You’ve probably experienced that if you’ve looked through lesser optics. The focal point looks clear and sharp but everything around that point starts to look distorted and more so the farther you look from the center. That is what extra coatings prevent, as well as improving light transmission, contrast, and resolution, all of which are important when glassing for, say, a whitetail buck against a similarly colored background.

 As to low-dispersion glass, Rice said, it’s preferable because it reduces chromatic aberration—for example, the bluish haze you might see around an object viewed from a long distance.

 

Let’s move on to Nitro.

The Nitro line combines all those enhanced features with a wide range of optical configurations.

Fully multi-coated lenses: check.

First and second focal plane options: check.

30mm tubes, ED Prime glass, and Bushnell’s EXO Barrier coating: check.

 Let’s look closer at some of those.

 EXO Barrier Protection is Bushnell’s unique, new protective lens coating that bonds at the molecular level to the glass, repelling water, dust, debris, even oil. Plus, it helps prevent scratching. In most other brands, such specialized coating is typically reserved for only higher-end optics, but so important is EXO Barrier, Bushnell added it to all Prime, Nitro, and Forge optics, Rice said.

 ED Prime glass is Bushnell’s highest quality glass, designed to deliver color, resolution, and contrast, even in those all-important low-light conditions we discussed earlier.

 

Now to the top of the line: Forge.

The Forge line of scopes and binos has it all, the highest level of light transmission plus engineering and function, for demanding hunters and shooters who won’t settle for less than the best when it comes to optics. With ED Prime glass, EXO Barrier coating, zero-stop turrets, and far-reaching magnification ranges, Forge optics let you reach out and see, thanks to top-line light transmission and resolution.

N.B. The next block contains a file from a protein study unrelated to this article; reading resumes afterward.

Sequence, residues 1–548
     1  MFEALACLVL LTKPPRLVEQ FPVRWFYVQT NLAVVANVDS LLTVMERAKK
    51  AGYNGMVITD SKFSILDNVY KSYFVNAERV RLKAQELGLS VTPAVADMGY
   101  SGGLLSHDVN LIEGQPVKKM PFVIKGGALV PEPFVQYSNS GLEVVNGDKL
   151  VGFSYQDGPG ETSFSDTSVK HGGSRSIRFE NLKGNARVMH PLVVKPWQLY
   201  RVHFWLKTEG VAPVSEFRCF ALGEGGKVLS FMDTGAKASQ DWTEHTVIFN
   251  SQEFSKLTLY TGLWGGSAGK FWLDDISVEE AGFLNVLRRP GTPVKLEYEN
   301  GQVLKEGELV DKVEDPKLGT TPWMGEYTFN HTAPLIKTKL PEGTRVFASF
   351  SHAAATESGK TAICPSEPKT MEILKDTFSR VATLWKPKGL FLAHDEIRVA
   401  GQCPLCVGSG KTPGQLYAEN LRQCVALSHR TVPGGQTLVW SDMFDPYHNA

Prime, Nitro, and Forge optics all feature IPX7 waterproof construction, rated to stay dry internally even when immersed in three feet of water for up to 30 minutes. I’m not planning to drop them in the water for 30 minutes, but accidents do happen. It’s important to me to know I don’t have to worry about them if I get caught in a rain shower or I’m hunting when it’s snowing. If they can stand 30 minutes underwater, what’s a little precipitation?

With their three-tiered approach, Bushnell was able to incorporate precise engineering and design with high-quality components at each level, so you really can’t go wrong with either Prime, Nitro, or Forge optics. It’s just the higher you go, the more quality you get, but in none of the lines did Bushnell scrimp on design or materials.

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Bushnell has succeeded in what they set out to do—offer optics that “offer the best combination of features at every price point,” so regardless of your intended use, preferred features, and budget, there are binoculars and riflescopes that will over- perform for you, Rice said.

 For more information about Bushnell’s Prime, Nitro, and Forge line of optics, visit bushnell.com.

OPTICS, GEARTerrence Gordon